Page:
Political protests could impede Paraguay’s new fiscal responsibility law
New counter-structural rules were planned for next government; aversion to higher government debt could impact infrastructure.
|Protesters set alight the Congress building in Asunción, Paraguay
The increase in political uncertainty in Paraguay – as demonstrated by protesters setting the country’s Congress building alight during last week’s Inter-American Development Bank (IDB) annual meeting in Asunción – might slow the country’s economic growth, but not derail it.
That is the assessment of senior bankers in the country.
Raul Vera Bogado, executive president at Banco Regional, argues that the biggest consequence of the violence will be a slowdown in proposed changes to the country’s fiscal responsibility law.
The current law caps the fiscal deficit to 1.5%, but Paraguay’s finance minister Santiago Peña has been working to increase the law’s flexibility to allow greater investment in infrastructure and give the country an ability to take a counter-cyclical stance.
“The protests [which were sparked by a constitutional amendment to allow president Horacio Cartes to run for a second presidential term] will make the proposed changes to the fiscal discipline law more difficult, which will also slow the growth of investment in infrastructure,” says Bogado in an interview with Euromoney at the bank’s Asunción headquarters.
“Infrastructure investment was going to be classed as structural deficit category – in line with the fiscal discipline rules adopted in Chile. These changes will be more difficult now – as will convincing people to accept higher government debt, which is a very sensitive issue in Paraguay.”
In March, Peña told Euromoney he had been working with Felipe Larrain, once Chile’s finance minister, for a year and a half on a replacement fiscal law that provides counter-cyclical flexibility.
Peña argued a simple cap of a 1.5% fiscal deficit is an unnecessary straitjacket on a country with such low debt (18.4% of GDP) and cyclical tax revenues – external revenues related to trade and the Brazilian economy, and internal exposure to weather and agricultural productivity.
“We have exceeded capacity,” Peña told Euromoney. “Not financially, but legally in terms of the fiscal responsibility law. [The law] is extremely tight and doesn’t make any sense for a country like Paraguay that has the lowest debt-to-GDP [in the region] to have a maximum deficit of 1.5%.”
We have had great results in the past couple of years given our exposure to agribusiness and commodities - Raul Vera Bogado, Banco Regional
Peña had planned to introduce the new fiscal rules later this year with the intention it will govern the fiscal plans of the next government.
However, Bogado says that despite the likely slower growth in government-led investment, the country should continue to grow strongly – especially when compared with the rest of the region.
“We have a new PPP [public-private partnership] law, which will help investment to continue without relying on large government expenditures,” he says.
The first PPP, for two highways, was signed at the end of 2016 and ground should be broken on those soon. A second – for a new terminal at the international airport – is also about to be announced. Other infrastructure PPPs are expected to follow.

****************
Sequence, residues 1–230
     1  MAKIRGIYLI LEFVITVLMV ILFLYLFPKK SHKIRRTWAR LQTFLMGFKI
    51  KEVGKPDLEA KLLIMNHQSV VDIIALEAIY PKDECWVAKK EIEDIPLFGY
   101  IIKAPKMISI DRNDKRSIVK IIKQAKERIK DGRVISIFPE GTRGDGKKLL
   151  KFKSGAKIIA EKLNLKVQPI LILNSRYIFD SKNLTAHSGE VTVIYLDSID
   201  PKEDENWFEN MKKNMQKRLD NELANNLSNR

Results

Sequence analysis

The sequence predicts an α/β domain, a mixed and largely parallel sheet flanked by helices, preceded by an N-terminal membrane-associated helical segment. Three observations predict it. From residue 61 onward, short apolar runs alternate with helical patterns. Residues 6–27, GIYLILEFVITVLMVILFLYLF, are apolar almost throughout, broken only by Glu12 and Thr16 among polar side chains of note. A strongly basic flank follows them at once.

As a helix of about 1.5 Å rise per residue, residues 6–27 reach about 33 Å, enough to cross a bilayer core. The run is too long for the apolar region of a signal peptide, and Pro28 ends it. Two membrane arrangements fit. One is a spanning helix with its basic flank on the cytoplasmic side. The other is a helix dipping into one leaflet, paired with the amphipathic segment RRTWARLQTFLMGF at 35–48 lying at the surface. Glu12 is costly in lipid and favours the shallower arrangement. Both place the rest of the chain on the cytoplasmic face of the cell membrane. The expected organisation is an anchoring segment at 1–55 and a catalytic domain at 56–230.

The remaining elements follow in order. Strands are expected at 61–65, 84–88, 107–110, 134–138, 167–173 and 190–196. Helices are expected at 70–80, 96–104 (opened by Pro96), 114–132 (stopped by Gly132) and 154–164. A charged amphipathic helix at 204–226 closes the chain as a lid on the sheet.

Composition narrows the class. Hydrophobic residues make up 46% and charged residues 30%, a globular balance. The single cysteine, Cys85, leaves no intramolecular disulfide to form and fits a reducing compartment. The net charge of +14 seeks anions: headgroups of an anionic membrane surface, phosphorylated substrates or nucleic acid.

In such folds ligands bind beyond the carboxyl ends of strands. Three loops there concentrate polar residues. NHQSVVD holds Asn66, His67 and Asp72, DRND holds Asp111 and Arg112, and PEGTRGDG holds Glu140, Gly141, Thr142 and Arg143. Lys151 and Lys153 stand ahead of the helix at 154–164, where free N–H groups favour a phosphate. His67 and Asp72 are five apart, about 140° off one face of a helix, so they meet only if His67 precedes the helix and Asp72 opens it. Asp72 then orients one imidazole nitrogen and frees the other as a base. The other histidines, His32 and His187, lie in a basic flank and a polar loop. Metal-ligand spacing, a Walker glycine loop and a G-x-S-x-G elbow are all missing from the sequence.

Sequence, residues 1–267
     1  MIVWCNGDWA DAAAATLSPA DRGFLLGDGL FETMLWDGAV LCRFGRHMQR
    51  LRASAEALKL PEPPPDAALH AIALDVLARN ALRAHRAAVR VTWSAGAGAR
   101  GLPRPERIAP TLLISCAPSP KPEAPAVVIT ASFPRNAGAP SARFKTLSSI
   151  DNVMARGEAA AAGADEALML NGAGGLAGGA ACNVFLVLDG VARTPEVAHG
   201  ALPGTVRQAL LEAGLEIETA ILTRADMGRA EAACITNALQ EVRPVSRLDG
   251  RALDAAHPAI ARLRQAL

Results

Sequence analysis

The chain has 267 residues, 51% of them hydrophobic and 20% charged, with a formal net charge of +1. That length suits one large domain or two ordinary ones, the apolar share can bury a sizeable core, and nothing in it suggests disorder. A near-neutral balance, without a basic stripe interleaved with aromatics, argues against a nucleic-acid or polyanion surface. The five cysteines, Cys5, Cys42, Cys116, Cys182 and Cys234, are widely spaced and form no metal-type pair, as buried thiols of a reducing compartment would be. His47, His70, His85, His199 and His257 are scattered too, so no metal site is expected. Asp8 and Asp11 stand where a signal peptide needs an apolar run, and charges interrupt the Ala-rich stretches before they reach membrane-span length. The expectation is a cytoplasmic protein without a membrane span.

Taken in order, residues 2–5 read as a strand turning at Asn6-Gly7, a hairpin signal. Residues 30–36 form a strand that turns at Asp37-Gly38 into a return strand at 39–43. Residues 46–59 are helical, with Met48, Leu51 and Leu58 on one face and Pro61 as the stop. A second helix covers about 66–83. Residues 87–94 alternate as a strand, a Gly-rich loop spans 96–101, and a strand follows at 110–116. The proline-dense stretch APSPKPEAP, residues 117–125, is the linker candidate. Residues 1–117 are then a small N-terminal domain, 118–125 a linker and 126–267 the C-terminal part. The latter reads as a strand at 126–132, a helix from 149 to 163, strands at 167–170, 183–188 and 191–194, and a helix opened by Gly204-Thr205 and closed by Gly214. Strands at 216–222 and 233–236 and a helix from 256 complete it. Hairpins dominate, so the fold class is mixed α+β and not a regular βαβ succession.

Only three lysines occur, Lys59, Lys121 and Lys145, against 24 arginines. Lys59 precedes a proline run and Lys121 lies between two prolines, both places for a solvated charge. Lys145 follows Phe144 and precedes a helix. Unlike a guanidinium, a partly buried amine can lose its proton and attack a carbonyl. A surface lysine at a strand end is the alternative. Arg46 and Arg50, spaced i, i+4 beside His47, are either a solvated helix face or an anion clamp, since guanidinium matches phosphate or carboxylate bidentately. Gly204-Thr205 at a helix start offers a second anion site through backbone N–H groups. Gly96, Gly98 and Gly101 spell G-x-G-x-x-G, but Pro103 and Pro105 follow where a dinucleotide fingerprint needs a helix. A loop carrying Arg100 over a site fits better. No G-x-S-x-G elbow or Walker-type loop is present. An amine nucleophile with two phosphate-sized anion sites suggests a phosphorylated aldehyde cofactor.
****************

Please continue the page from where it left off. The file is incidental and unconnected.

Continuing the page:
Bogado also says the business-friendly policies – 10% corporate tax, 10% VAT and 10% income tax – and its recent economic decoupling for neighbouring Brazil and Argentina (Paraguay has had annual growth above 4% in the past few years as those countries have been stagnant or in recession) have seen a lot of international interest.
“We are seeing lots of interest from international companies interested in investing in Paraguay,” says Bogado.
Ricardo Maduro, finance director at BBVA Paraguay, agrees with this assessment of the outlook for the Paraguayan economy.
He says the bank’s retail operation has been growing strongly in recent years – and has been enjoying growth above the average of the banking system, which itself has been rapid: in the past 10 years, the ratio of deposits to GDP has grown to 47% from 21% and loans have grown to 41% of GDP from 18%.
Despite this strong growth, the banking sector remains solid: the average tier-1 ratio is 12% (8% mandatory) and tier-2 is 12% (mandatory range of between 15% and 16%). The non-performing loan ratio is 2.8% and the coverage ratio is more than 110%.
Maduro says BBVA will look to increase its market share in the small and medium-sized enterprise (SME) sector in the coming years – which might be a key battleground for Paraguayan banks – while continuing to invest in technology to improve digitization of channels and increase cross-selling of financial products within its client base.
Regional is also looking at the SME sector for coming growth, albeit with a strategy that keeps its sector-specific approach.
“Regional is primarily an agricultural bank,” says Bogado. “We will continue to focus there, but we see potential in extending credit down the supply chain and covering logistic companies that serve the agribusiness industry.”
Regional has only a 6% market share in retail – largely driven by the workforces of clients. And despite heavy investment in digital services, Bogado says Regional doesn’t plan to push into the broader retail market.
“We are performing well – we have a return on equity ratio of 21.1% – which is in line for the industry, but considering our low retail share (which is typically a higher margin business),” he says.
“We have had great results in the past couple of years given our exposure to agribusiness and commodities, and, as we expect these areas to bounce back in the next couple of years, we are well placed for even stronger performance.”